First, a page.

Name: Jake Marisnick
Organization: Blue Jays
Notable 2011 Stats: .320/.392/.496 with 27 2B, 6 3B, 14 HR, 91/43 K/BB, and 37-for-45 SB in 118 games with Lansing (A)
Why He’s This High: Marisnick had showed flashes of talent in the two years since his drafting in the third round of 2009, but he broke out in 2011 in Low-A as a 20-year-old.
In a lot of ways, he’s similar to #48 prospect Rymer Liriano–entering the year, his talent was unquestioned, but his past performance brought mixed results, and then he tore up the Midwest League in 2011, showing all five tools. He showed a much better approach than he did in his first try at the league (34 games in 2010), upping his walk rate from 6.3% to 8.2% while dropping his strikeouts from 25.9% to 17.4%. He also exhibited an emerging power stroke, and his big frame suggests more pop is on the way. Meanwhile, he stole 37 bases while getting caught just eight times and also playing a very solid center field.
Marisnick is somewhat comparable to former Blue Jays outfielder Alex Rios, in that he’s a very tall but athletic outfielder with solid power. If he puts on a bunch of weight, he’ll likely slide to right field and lose some of his speed, but add a lot more power; if he doesn’t, he should be a good, rangy center fielder with speed and gap power.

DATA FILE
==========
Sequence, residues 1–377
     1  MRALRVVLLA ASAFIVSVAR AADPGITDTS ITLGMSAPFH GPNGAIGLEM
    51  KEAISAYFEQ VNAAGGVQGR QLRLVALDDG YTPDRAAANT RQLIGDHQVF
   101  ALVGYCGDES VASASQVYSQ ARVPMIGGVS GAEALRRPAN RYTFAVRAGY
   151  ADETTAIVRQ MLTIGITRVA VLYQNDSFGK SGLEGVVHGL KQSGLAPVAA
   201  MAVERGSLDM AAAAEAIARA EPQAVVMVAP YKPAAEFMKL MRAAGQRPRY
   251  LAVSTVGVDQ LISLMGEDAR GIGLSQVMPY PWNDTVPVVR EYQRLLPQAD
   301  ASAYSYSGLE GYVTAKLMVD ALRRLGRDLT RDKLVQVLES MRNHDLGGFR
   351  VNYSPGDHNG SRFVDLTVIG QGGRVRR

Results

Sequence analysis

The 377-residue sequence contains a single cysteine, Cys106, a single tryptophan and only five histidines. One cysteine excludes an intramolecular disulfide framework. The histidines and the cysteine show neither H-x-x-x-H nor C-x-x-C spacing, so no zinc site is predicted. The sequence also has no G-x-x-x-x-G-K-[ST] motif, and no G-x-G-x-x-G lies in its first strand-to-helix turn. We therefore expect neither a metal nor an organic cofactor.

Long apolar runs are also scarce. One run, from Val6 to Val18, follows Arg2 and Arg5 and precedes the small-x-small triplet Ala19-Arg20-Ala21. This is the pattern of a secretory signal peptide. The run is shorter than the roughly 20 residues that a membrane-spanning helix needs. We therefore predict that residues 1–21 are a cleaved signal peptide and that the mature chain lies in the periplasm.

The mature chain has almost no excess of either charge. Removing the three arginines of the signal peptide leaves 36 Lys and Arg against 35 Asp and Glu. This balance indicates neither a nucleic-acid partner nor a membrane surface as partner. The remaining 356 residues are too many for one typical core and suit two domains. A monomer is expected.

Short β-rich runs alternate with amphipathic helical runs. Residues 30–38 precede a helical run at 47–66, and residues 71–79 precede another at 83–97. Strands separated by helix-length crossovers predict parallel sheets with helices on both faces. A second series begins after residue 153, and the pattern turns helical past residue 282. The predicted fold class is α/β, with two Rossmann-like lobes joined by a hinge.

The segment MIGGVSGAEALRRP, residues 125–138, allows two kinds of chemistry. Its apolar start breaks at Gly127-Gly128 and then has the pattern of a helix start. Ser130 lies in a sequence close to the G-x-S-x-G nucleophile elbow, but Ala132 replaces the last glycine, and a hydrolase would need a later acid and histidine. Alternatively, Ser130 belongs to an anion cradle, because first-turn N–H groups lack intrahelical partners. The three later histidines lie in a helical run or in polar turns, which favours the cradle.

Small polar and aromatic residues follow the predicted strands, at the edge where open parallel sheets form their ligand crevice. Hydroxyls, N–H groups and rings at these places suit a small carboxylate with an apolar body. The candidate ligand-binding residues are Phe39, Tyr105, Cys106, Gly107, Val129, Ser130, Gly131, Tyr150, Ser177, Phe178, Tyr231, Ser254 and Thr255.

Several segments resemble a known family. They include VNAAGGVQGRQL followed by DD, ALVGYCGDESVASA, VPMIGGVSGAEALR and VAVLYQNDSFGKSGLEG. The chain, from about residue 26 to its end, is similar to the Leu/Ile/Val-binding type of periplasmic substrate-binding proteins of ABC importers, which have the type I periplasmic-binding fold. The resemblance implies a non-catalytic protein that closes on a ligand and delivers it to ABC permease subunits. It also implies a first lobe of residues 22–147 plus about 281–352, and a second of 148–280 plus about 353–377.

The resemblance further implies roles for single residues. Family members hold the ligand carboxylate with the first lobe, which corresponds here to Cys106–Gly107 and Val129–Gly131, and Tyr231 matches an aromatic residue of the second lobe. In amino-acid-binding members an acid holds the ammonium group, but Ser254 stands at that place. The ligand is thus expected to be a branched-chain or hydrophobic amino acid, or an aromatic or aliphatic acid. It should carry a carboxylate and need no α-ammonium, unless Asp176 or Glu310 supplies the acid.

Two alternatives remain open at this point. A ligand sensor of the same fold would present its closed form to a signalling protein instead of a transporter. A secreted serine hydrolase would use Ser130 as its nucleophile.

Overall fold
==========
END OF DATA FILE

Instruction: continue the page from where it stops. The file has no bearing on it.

Why He’s This Low: Marisnick could still stand to walk a bit more, and it remains to be seen how much over-the-fence power he’ll have. Beyond that, he’s got the same issue as Liriano, from a statistical perspective–his previous inconsistencies and sheer distance from the majors mean that he’ll need a repeat performance to put him in the top-20/25 discussion.
Obviously, if he does fill out and move to right field, Marisnick will need to add power and not just weight; don’t take the one as assuring the other–players like Ryan Sweeney (and, to some extent, Rios) prove that a big frame doesn’t always translate to big pop.
Conclusions: Marisnick has top-25 talent and he just had a big year, but he’s still got a short track record of success and a lot of distance between his current level and the big leagues. By the time he reaches the majors, he could be considered one of the top prospects in the game, but for now, he’ll need to spend 2012 proving he can continue to show some control of the strike zone against more advanced pitchers, and, preferably, clearing a few more fences. If he can keep his production intact up through Double-A, he’ll have a strong case for the top right-handed hitting outfield prospect in the game by year’s end.
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